What Is Your Leadership Style Powered By?

by Danielle N. Adams

GettyImages-1151571867Imagine you could improve employee productivity and engagement by getting to the core of the feelings behind their actions. What would that be worth to you? There is a quote from Zig Ziglar, “Your attitude, not your aptitude, will determine your altitude.” If you were to summarize the attitude of your leadership in one word, which of the following would it be: guilt, anger, compromise, service, opportunity, joy, or passion?

Whether or not you believe it, you are a leader in every aspect of your life. Typically, we lead in one of three ways—logically, emotionally, or intuitively—and our actions are informed by our thoughts and feelings. Of course, how we lead is often determined by the situation in front of us, whether it is according to how we expected it to go or it is a source of stress for us. In our professional spheres, it is often easy to recognize how many people lead from a conflictive or anger-fueled platform. These are people who invoke action through fear.

Each level of leadership has advantages and disadvantages, and at the surface small shifts can reap great rewards. When you identify the core energy or attitude,  you can be very intentional with your questioning to help shift the person’s perspective. These shifts can occur over the span of days, weeks, and years, or in mere minutes. When you identify the leading attitude, you can try one of these questions to elevate leadership:

Guilt | Anger: Which of your values are currently not being honored or are in conflict? (increase self-worth)

Anger | Compromise: What are you willing to take responsibility for in this situation? (decrease conflict)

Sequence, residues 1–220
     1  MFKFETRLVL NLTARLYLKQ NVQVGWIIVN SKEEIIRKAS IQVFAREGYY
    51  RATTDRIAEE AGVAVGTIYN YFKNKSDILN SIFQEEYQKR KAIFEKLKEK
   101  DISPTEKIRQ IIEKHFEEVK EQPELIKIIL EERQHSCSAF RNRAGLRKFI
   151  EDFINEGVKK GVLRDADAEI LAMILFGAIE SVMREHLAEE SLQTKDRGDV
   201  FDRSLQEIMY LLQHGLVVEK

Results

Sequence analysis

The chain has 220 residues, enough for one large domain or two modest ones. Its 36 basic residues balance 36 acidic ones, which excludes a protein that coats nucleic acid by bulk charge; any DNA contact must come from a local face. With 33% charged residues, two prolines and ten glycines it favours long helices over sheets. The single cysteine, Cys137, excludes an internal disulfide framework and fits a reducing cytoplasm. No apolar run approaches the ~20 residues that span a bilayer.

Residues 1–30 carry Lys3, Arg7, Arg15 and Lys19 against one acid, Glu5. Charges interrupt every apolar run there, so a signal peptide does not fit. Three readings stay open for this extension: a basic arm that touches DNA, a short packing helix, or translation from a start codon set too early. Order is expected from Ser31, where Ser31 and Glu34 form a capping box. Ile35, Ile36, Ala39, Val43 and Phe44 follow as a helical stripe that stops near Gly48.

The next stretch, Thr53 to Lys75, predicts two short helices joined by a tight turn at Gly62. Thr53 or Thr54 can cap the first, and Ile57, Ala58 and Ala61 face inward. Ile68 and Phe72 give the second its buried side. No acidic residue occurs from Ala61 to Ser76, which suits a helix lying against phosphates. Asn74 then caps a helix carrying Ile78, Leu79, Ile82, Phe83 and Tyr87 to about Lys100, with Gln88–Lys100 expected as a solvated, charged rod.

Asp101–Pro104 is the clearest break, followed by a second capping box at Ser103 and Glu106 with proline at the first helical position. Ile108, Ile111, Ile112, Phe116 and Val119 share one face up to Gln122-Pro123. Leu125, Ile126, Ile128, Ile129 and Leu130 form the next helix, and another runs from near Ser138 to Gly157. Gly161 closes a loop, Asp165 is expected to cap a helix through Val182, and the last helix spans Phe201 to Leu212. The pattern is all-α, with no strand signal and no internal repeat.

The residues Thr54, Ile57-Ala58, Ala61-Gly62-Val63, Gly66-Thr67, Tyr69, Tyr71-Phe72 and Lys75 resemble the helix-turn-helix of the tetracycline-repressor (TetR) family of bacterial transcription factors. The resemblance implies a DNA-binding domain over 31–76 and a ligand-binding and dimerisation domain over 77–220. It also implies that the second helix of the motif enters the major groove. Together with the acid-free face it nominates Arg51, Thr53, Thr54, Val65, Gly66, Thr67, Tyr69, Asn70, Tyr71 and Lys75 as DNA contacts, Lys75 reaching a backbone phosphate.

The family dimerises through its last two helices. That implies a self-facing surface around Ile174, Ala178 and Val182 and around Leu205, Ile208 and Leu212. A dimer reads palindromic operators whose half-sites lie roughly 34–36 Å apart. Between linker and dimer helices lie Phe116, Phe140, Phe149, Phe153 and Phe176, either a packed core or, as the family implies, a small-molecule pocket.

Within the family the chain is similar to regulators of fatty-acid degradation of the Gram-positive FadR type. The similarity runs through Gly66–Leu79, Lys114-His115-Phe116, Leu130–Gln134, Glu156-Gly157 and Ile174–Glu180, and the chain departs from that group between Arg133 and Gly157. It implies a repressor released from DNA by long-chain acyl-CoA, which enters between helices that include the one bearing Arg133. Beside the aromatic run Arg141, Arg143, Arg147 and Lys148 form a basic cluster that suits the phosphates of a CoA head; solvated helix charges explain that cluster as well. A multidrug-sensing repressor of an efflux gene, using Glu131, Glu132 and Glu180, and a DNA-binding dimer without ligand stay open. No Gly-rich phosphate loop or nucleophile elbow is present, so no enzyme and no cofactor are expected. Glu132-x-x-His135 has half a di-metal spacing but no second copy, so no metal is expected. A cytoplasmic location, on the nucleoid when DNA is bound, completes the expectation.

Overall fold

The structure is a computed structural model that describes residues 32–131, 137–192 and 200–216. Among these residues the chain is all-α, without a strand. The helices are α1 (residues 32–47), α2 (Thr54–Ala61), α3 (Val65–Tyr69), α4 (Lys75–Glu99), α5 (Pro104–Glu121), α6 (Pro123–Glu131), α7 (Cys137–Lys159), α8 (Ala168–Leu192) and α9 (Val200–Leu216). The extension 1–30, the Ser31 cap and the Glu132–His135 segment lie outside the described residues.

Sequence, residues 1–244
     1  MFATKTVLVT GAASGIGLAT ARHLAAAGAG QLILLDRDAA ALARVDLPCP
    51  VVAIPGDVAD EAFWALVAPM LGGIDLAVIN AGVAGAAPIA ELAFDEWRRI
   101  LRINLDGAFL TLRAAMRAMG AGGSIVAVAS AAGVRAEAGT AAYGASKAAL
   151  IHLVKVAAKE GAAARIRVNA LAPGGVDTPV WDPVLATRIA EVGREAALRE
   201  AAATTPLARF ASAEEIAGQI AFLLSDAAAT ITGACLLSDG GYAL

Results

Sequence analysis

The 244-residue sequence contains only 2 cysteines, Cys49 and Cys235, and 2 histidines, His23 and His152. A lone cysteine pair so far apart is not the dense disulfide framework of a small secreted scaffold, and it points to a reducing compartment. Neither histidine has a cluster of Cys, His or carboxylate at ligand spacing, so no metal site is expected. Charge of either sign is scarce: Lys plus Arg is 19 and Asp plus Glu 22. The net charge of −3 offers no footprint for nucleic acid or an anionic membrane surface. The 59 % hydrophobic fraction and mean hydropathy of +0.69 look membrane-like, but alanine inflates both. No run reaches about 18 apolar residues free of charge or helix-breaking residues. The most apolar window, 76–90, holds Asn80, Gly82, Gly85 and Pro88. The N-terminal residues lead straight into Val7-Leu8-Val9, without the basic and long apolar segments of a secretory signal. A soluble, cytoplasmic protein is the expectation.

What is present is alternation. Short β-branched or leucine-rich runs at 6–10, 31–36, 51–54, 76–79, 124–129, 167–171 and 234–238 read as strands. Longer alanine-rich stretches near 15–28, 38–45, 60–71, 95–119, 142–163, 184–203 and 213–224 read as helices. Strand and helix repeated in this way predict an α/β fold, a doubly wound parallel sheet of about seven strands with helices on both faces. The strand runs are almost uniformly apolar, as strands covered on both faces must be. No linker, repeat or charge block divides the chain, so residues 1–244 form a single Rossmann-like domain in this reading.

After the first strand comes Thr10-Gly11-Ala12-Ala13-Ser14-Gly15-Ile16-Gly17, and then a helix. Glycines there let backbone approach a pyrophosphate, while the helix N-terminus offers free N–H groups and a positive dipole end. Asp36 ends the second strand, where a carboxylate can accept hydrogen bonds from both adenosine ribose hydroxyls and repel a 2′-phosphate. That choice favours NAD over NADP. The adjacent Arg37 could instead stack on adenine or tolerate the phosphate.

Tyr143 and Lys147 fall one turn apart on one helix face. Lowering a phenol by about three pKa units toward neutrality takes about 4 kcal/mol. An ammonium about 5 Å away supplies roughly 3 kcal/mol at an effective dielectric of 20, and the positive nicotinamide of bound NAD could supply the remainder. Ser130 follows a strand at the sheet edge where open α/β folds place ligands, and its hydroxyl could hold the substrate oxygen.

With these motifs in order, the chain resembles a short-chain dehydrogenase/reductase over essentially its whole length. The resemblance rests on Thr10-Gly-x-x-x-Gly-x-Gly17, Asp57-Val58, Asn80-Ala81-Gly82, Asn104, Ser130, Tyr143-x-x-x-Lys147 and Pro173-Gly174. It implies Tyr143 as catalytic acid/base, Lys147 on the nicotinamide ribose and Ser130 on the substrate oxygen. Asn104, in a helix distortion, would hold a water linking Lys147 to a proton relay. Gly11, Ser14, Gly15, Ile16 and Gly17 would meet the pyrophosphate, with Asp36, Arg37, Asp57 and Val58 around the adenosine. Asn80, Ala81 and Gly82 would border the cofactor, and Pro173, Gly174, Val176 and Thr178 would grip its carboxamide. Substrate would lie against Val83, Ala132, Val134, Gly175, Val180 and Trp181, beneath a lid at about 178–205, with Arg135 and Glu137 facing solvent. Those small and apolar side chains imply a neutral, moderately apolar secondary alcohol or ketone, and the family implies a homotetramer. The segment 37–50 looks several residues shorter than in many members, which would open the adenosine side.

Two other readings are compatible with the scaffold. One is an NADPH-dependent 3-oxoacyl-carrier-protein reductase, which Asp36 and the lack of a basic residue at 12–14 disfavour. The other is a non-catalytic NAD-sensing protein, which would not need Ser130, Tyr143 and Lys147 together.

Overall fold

Compromise | Service: What can you do to create a benefit or a win for the other party? (encourage taking things less personally)

Service | Acceptance: What are the possibilities? (help to create opportunities)

Each of these questions helps to coach a person from where they are currently functioning onto a more optimal leadership launchpad. The intention of each question is to inspire deeper thought and more engaged dialogue, challenge past assumptions, and help flip the switch on old paradigms. By helping others to reclaim their own pleaders a result of changing their attitude, you will realize higher altitudes as a more emotionally intelligent leader.

This blog is authored by one of the amazing speakers scheduled to have a session during our one-of-a-kind event, IAAP Summit.

top-vs_bg-fnlSummit 2020 is going to be offered, for the first time ever, in a 100 percent virtual environment. The Summit experience, which is full of excitement, inspiration, learning, and connection is now coming to you. You can learn more on the Summit website, as well as this FAQ document.

Danielle N. Adams, founder and CEO (Chief Empowerment Officer) at QueenSuite LLC, a global personal development company dedicated to educating, inspiring and empowering professionals to create their ideal lives. She is committed to helping professionals all over the world experience confidence, happiness, success, balance and freedom in business and in life. Through training, coaching and mentoring, Danielle teaches professionals how to transform their mindset so that they can live powerfully and reach their big goals faster than they ever thought possible. She is a certified professional coach, trainer, facilitator, business and career writer, podcast host, and public speaker who hails from the Jersey Shore and has been a proud resident of the Lehigh Valley since 2007. Her areas of concentration in her coaching practice are leadership potential and business and career development with professionals, and she was recognized by NJ State Assembly Resolution as an esteemed member of her community.

One thought on “What Is Your Leadership Style Powered By?

  1. Often we don’t think about leadership when we are in a support role, but we should because leadership affects all of the relationships in our lives and the very good questions that you posed can create better outcomes. Very good article, Danielle!


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